The National Environmental Policy Act. An Overview Horst G Greczmiel Associate Director for NEPA Oversight Council on Environmental Quality November 2013. History and Purpose of NATIONAL ENVIRONMENTAL POLICY ACT (NEPA). Senator Jackson summarized its purposes as:
Horst G Greczmiel
Associate Director for NEPA Oversight
Council on Environmental Quality
Senator Jackson summarized its purposes as:
April 16, 1969, hearing introduced the concept of an environmental impact statement (referred to as a “finding”) and the need for an action-forcing provision to obtain compliance from federal agencies.
Protest following the 1969 Santa Barbara Oil Spill
At least a dozen fires occurred on
the Cuyahoga River since 1868. The
most famous fire was in 1969.
Smog in Houston, TX
“The nineteen-seventies absolutely must be the years when America pays its debt to the past by reclaiming the purityof its air, its waters and our living environment. It is literally now or never.” Richard M. Nixon, January 1, 1970
Sen. Muskie obtained amendments for future air and water standards (sec. 104) and changed “finding” requirement to a “detailed statement” with alternatives and consultation required.
Conference committee rejected limitation of federal agency responsibility – required compliance with NEPA’s action-forcing provisions “to the fullest extent possible.”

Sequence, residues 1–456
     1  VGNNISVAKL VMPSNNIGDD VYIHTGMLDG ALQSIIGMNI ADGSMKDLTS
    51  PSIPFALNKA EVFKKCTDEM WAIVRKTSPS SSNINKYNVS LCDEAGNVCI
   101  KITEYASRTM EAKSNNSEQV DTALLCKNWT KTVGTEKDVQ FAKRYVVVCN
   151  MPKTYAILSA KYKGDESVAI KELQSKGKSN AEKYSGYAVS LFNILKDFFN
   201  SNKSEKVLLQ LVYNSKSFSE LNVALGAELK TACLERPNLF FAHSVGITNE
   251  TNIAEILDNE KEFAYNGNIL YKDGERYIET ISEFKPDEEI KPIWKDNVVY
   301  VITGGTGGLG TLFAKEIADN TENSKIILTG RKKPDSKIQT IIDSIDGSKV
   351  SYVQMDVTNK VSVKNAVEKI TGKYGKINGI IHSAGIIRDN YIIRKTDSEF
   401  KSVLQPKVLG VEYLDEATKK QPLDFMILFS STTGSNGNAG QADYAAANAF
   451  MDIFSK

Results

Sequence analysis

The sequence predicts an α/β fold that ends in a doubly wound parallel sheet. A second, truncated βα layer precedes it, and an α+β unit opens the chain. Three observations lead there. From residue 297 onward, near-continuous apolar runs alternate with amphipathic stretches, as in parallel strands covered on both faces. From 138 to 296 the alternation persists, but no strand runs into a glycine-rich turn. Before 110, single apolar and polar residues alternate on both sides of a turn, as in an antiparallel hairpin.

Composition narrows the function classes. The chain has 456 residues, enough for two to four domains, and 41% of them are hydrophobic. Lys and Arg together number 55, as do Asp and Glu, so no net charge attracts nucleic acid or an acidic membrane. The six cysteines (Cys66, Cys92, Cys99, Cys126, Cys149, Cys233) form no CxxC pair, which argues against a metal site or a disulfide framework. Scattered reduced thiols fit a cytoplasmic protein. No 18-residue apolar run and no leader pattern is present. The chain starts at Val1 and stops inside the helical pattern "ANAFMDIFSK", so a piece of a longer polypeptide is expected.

President Nixon opposed, but signed NEPA as the first statute of the decade.
Congress enacted the National Environmental Policy Act in 1969 by overwhelming bipartisan majorities.
The House of Representatives adopted NEPA by a vote of 372 to 15. 115 CONG. REC. 19,013 (1969).
The Senate passed NEPA by voice vote without recorded dissent. 115 CONG. REC. 26,590 (1969).
The purposes of this Act are: To declare a national policy which will encourage productive and enjoyable harmony between man and his environment; to promote efforts which will prevent or eliminate damage to the environment and biosphere and stimulate the health and welfare of man; to enrich the understanding of the ecological systems and natural resources important to the Nation; and to establish a Council on Environmental Quality.
Sec. 2 [42 USC § 4321]
all agencies of the Federal Government shall --
utilize a systematic, interdisciplinary approach which will insure the integrated use of the natural and social sciences and the environmental design arts in planning and in decisionmaking which may have an impact on man's environment
Section 102(2)(A) 42 United States Code §4332(2)(A)
“All federal agencies shall: . . .
include in every recommendation or report on proposals for legislation and other major Federal actions significantly affecting the quality of the human environment, a detailed statement by the responsible official on
Section 102(2)(C), 42 United States Code §4332(2)(C)
Responsible for promulgation and interpretation of NEPA regulations
A. “Substantial deference” by the Supreme Court.
B. Role set out in regulations:
1. Review of agency NEPA procedures
2. Designation of lead agency
3. Alternative arrangements for supplemental EISs
4. Alternative arrangements for emergencies
C. Dispute resolution
– Referral process, 40 CFR 1504
– Informal coordination
Categorical Exclusion (CE / CATEX)
Environmental Assessment (EA)
Environmental Impact Statement (EIS)
Available for 30 day public review if:
(40 CFR 1504(e)(2))
The early and open process to determine scope of issues and identify the significant issues related to a proposed action
(Section 309, Clean Air Act)
NEPA's purpose is not to generate paperwork--even excellent paperwork--but to foster excellent action. The NEPA process is intended to help public officials make decisions that are based on understanding of environmental consequences, and take actions that protect, restore, and enhance the environment.